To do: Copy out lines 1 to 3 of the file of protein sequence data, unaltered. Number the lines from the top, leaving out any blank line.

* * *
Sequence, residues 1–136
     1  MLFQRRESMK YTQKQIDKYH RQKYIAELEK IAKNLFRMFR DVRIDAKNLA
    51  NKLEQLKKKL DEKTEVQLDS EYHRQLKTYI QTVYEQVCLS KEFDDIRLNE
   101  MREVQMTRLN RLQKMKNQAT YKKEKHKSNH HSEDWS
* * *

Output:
Sequence, residues 1–136
     1  MLFQRRESMK YTQKQIDKYH RQKYIAELEK IAKNLFRMFR DVRIDAKNLA
    51  NKLEQLKKKL DEKTEVQLDS EYHRQLKTYI QTVYEQVCLS KEFDDIRLNE